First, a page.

Venue Spotlight: Great Lakes Culinary Center

  • Venue Spotlight: Great Lakes Culinary Center

    Southfield venue adds a tasty twist to special events featuring food.

    FROM THE Summer 2018 ISSUE
  • Venue Spotlight: Great Lakes Culinary Center

    Southfield venue adds a tasty twist to special events featuring food.

    FROM THE Summer 2018 ISSUE

When Marc Israel decided to move his then 80-year-old family business, Great Lakes Hotel Supply, from downtown Detroit to Southfield in 2013, he knew a different venue that paired the best of his two worlds would emerge.

As a distributor and installer of commercial kitchens, he opened the Great Lakes Culinary Center to give restaurant professionals a chance to personally cook on new equipment before making a purchase.

His culinary center has evolved into a welcoming venue for special events and appetizing food experiences by spotlighting the tools that bring a meal to life. As an event space, Great Lakes also hosts tours for those who want to see and try out the fully operational cooking equipment that Israel distributes.

“We have guided walk-throughs so visitors can step into our beautiful space, physically handle our equipment and learn how our innovative company produces what works,” says Reva Constantine, the culinary center’s executive chef.

“All of the equipment is stationed on rollers, so stoves can be moved around with ease, and staged at strategic spots to meet the needs of diverse audiences,” she adds. Team members from the culinary center frequently assist choosy chefs with a hands-on approach to equipment education.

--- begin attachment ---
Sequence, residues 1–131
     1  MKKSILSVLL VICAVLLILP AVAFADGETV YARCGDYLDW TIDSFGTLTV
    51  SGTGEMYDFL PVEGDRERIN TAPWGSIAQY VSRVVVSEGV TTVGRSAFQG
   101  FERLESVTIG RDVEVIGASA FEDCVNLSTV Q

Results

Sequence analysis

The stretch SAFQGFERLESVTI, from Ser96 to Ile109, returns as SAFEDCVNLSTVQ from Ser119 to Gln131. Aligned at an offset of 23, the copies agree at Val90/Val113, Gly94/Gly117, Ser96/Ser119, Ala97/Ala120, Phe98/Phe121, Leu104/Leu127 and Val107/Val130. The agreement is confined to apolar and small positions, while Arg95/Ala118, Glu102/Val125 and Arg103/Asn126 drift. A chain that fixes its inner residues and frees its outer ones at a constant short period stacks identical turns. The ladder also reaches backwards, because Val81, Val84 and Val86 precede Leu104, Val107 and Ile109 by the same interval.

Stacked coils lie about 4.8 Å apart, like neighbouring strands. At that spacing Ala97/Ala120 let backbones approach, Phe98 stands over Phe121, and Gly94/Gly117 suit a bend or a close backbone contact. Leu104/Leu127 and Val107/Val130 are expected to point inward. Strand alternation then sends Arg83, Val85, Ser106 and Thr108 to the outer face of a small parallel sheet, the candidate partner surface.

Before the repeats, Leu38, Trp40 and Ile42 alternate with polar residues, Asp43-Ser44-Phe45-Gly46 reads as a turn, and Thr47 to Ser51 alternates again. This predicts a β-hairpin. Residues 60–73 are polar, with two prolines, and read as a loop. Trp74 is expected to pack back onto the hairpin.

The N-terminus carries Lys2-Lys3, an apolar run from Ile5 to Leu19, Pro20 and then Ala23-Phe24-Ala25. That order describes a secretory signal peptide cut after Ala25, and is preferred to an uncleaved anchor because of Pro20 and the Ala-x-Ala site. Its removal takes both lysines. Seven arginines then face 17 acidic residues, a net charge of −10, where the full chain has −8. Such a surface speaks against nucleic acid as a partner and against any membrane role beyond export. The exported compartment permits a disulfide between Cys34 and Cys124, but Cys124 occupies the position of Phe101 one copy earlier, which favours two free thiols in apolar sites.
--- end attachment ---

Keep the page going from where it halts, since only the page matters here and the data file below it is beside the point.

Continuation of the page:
The center’s chefs are culinary trained and even dabble in showmanship. Great Lakes conducts cooking competitions where chefs play the parts of judge and teacher for the participants wishing to compete.

Constantine says the center puts a different spin on hosting training programs, group activities and simply eating a meal. “We do out-of-the-box things like breakfast for dinner—at a wedding,” she explains. “That’s not a typical thing to do for our kind of professional meetings and events space.”

While individuals and groups can rent the space for special events, such as team-building meetings, company cooking classes, bar mitzvahs or showers, guests also, for example, can enjoy a dinner series called “Sunday Night at Grandmas.” She says it’s a great family event with amazing food. 

Catering is big business, too. “We average three to four weddings per month, and a hefty number of corporate meetings during the week,” says Constantine. “If you’re looking for a place that caters in roast beef, then you’ve come to the wrong place.” 

Nice Touch: In-The-Garden cares for Great Lake’s on-site organic garden and it produced more than 2,000 salads for events last year.

The center’s indoor space includes a large, open kitchen that is fully equipped with professional amenities. The open floor plan makes any event an interactive experience between guests and the chefs. There’s also an outdoor patio next to the garden that is nice for taking pictures.

With all this space, Constantine is just as sure as owner Israel that the Great Lakes Culinary Center was “destined to become the new, favorite food place to be.” 

From its tasty Troublemaker fall specialty drink to its featured spring MI Thyme signature cocktail, the mixologists at Ann Arbor’s The Kensington Hotel offer a flavorful selection of aftermeeting options.


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